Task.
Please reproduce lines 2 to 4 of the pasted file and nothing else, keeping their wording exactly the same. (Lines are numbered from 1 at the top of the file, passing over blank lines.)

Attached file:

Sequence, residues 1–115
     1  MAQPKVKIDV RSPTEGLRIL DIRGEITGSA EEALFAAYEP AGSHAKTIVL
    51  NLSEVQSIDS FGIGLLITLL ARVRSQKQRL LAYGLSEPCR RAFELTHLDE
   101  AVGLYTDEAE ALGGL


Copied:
     1  MAQPKVKIDV RSPTEGLRIL DIRGEITGSA EEALFAAYEP AGSHAKTIVL
    51  NLSEVQSIDS FGIGLLITLL ARVRSQKQRL LAYGLSEPCR RAFELTHLDE
   101  AVGLYTDEAE ALGGL